Bob Kahn's wife Sylvia died peacefully in her sleep on Sunday 27 June, 2021. This is a shortened version of a talk (or “skit” as Sylvia called it) they gave on their experiences to an Alzheimer’s Society meeting in Chester in July 2014.
Sylvia (S): I live an unconventional life.
Bob (B): Sylvia, did you just say you were an unconventional wife?
S: No, no! “I lead an unconventional life” is what I said, not “I’m an unconventional wife.”
B: Well, both statements are true. We’re not a conventional couple, ages 77 and 76. Here we are three and a half years after that MRI brain scan showed you having dementia.
S: Yeah; and it’s still on-going. It hasn’t stopped.
The dementia diagnosis
B: Dementia doesn’t stop. I remember when we received the results of that brain scan that you probably had mixed dementia — a combination of Alzheimer’s and vascular dementia.
As we were coming back from the Memory Clinic, you began to whistle the theme tune from Bridge over the River Kwai. I thought, “Yes, that’s quite appropriate. Your world has just been blown apart, but we can still build that bridge together.”
S: I couldn’t whistle that tune now.
B: I bet we can do it together, with some help from others. [whistle]
S: I don’t always know what I can and can’t do.
Learning to love someone with dementia
B: Yes, that’s very true; and that is why we have built a partnership in which we look after ourselves and each other to the best of our abilities. You know, Sylvia, I’m falling in love with you now that you have dementia.
S: It’s about time! We’ve been married for 51 years. We have 5 children and 14 grandchildren. Haven’t you been in love with me, just as I am in love with you, all that time?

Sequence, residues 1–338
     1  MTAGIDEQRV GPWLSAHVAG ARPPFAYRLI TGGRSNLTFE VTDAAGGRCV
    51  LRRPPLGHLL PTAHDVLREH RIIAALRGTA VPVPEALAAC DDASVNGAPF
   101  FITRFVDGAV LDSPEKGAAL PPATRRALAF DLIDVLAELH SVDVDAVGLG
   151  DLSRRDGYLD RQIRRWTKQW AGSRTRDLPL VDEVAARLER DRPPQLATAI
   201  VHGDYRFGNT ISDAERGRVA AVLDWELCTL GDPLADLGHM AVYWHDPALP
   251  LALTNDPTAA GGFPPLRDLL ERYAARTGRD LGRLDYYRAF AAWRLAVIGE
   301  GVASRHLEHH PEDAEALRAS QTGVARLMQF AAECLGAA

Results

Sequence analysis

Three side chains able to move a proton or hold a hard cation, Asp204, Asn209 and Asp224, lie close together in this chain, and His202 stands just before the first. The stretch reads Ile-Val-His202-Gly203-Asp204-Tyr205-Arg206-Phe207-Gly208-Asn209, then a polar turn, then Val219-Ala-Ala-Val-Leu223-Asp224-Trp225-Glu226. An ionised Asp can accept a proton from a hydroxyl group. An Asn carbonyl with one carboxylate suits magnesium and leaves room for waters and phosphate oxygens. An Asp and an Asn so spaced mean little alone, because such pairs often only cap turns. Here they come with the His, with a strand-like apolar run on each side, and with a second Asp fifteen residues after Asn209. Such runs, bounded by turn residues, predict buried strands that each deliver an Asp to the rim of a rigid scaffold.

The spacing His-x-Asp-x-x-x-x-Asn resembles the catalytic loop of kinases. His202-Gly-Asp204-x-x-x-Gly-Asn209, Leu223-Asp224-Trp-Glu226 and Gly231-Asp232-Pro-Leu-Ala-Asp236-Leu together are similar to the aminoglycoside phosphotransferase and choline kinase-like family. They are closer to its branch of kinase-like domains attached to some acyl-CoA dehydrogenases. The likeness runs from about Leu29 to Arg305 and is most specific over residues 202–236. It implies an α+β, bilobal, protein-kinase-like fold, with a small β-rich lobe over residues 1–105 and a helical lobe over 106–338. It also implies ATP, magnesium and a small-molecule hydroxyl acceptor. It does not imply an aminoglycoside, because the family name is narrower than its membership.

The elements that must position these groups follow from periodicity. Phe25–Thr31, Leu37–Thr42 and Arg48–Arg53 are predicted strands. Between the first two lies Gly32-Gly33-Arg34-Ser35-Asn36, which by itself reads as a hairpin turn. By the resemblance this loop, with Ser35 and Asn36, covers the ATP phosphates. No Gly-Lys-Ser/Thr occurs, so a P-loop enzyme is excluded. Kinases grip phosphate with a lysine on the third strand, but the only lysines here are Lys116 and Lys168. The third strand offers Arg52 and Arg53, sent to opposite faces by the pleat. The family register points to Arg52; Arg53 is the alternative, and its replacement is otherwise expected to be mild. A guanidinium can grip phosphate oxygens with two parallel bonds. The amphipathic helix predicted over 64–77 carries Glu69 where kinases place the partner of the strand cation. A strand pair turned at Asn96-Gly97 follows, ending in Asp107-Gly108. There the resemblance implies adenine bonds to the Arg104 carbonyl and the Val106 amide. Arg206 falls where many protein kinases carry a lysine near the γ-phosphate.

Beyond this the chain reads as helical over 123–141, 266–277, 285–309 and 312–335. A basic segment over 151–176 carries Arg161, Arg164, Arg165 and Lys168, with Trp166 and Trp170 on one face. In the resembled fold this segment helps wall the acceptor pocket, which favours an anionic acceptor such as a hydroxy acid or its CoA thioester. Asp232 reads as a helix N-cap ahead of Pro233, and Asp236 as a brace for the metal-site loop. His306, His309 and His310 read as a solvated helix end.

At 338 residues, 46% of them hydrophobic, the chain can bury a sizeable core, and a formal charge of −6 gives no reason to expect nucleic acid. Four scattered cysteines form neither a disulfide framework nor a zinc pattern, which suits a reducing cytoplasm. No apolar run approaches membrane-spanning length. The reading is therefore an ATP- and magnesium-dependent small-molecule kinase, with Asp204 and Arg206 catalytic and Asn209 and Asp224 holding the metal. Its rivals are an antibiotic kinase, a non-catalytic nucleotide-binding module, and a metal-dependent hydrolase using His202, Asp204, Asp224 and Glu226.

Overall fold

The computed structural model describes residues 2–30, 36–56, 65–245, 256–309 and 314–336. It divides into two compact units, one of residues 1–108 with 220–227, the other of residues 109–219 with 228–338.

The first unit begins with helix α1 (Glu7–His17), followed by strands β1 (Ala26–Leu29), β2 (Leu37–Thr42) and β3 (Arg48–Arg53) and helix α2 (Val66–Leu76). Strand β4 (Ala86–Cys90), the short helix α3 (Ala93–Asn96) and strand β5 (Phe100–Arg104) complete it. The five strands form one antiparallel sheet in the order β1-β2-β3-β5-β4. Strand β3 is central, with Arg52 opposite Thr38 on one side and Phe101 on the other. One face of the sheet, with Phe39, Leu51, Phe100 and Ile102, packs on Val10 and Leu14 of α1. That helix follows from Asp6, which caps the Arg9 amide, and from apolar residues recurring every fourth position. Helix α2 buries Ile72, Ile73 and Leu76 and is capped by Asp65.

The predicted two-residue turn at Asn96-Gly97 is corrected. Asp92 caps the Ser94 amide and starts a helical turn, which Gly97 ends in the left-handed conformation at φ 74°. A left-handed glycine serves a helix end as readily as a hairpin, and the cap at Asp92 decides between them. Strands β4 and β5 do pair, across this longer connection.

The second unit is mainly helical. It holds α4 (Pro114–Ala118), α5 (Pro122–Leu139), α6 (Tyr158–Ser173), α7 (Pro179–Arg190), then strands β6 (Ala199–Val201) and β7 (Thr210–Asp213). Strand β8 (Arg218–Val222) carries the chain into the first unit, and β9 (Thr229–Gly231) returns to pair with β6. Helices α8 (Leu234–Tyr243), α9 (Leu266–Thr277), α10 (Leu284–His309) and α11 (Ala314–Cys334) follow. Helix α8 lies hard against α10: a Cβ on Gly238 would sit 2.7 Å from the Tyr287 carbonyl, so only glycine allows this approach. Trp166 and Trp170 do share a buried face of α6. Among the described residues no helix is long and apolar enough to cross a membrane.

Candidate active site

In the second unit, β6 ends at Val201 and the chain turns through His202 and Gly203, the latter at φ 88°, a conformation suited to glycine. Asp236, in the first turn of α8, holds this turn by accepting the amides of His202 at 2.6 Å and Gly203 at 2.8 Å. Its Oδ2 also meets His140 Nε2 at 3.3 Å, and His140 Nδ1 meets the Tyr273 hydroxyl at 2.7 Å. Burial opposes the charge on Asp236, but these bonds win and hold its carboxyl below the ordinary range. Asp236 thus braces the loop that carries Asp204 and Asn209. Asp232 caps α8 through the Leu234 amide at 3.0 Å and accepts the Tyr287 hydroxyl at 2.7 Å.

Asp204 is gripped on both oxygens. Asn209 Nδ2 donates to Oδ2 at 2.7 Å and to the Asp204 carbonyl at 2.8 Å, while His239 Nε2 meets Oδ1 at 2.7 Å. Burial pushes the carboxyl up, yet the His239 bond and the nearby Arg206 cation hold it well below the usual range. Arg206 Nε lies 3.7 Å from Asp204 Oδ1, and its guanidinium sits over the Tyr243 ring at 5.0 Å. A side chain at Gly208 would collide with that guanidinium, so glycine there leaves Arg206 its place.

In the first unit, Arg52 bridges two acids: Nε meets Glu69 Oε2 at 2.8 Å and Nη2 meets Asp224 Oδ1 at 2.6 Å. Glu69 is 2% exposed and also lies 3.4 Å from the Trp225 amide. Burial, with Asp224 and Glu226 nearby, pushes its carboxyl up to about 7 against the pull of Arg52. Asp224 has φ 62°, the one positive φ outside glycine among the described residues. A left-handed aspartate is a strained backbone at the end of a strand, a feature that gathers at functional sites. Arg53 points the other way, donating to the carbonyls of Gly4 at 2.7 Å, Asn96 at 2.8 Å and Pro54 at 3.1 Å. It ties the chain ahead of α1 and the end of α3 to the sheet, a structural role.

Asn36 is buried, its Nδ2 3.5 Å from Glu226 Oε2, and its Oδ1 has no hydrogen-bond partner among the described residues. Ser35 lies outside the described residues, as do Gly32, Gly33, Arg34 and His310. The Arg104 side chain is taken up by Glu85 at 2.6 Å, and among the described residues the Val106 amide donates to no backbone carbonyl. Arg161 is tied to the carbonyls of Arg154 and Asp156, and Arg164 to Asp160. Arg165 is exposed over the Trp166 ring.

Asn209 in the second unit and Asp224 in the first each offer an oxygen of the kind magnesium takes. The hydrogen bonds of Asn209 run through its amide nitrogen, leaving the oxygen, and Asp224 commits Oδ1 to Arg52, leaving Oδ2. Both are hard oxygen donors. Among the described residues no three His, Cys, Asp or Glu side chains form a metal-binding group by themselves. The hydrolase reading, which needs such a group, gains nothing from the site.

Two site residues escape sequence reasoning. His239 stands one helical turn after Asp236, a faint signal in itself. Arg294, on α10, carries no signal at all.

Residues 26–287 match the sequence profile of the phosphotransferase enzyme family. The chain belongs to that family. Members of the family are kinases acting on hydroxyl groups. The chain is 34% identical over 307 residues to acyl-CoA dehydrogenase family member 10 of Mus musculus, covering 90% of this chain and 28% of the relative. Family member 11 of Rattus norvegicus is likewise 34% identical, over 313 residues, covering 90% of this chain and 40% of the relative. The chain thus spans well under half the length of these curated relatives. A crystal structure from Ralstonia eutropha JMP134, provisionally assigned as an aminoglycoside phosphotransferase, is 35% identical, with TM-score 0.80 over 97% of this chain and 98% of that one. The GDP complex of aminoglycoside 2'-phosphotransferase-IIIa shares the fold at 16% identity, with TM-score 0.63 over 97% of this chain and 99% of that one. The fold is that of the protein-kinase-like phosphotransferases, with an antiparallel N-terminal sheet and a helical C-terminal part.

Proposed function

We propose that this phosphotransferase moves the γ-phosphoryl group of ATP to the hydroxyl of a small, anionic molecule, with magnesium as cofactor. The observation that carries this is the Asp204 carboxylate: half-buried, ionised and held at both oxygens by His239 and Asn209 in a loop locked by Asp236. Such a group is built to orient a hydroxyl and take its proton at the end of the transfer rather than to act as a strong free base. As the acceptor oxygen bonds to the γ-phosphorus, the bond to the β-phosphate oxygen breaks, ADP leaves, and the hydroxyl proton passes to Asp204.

B: Yes, certainly, but your lovely personality has shifted now that you have reached the moderate stage of Alzheimer’s. I feel that your dementia, Sylvia, is my dementia.
S: Oh no, it isn’t.
B: Oh yes, it is.
Moving on in the midst of dementia
B: Now look! We share our lives; and we share your dementia. We enjoy life together—our marriage, being with the children and grandchildren, staying and sharing with friends, going to Singing for the Brain and concerts of classical music, the odd film and theatre performance, walking and shopping, Tai Chi exercise classes, and preparing and giving these skits.
S: We do keep busy, but I often feel no good, because I don’t seem to have a useful position in society, whereas earlier I was working as a solicitor.
Confronting dementia with service to society
B: Your position in society has changed, but many other people can help with wills and probate and trusts. However, very few people have the courage and willingness to share openly their experience of dementia.
I think in our own experiences as media volunteers, Research Network Volunteers and fundraising volunteers for the Alzheimer’s Society we’re trying to change public attitudes to dementia. We can’t take anyone with dementia out of their situation, but we can develop the empathy and the insight to put ourselves into their experiences and encourage them.
S: There is a big change I would like to see happen in how people with dementia are viewed and treated.
Those of us with Alzheimer’s are often deeply hurt when people are afraid to talk to us. Perhaps during the conversation we will repeat ourselves. So what? That’s life.
You can still talk to us; and you may be surprised by how incisive some of us can be. I do live in a muddle, but it’s spasmodic; and I’m never sure when it’s going to kick in.
As we prepared an earlier skit, I was sitting looking at the raindrops on the window pane. They were large drops which distorted my view of the houses on the opposite side of the road.
That is my experience of dementia — a blurring of reality, yet reality is still there, even if I am not aware of all of it.
Bob and Sylvia's conversation is an excerpt from a longer skit. If you'd like to read the full thing, please contact Cherie Nyota, our Research Engagement Officer at [email protected].
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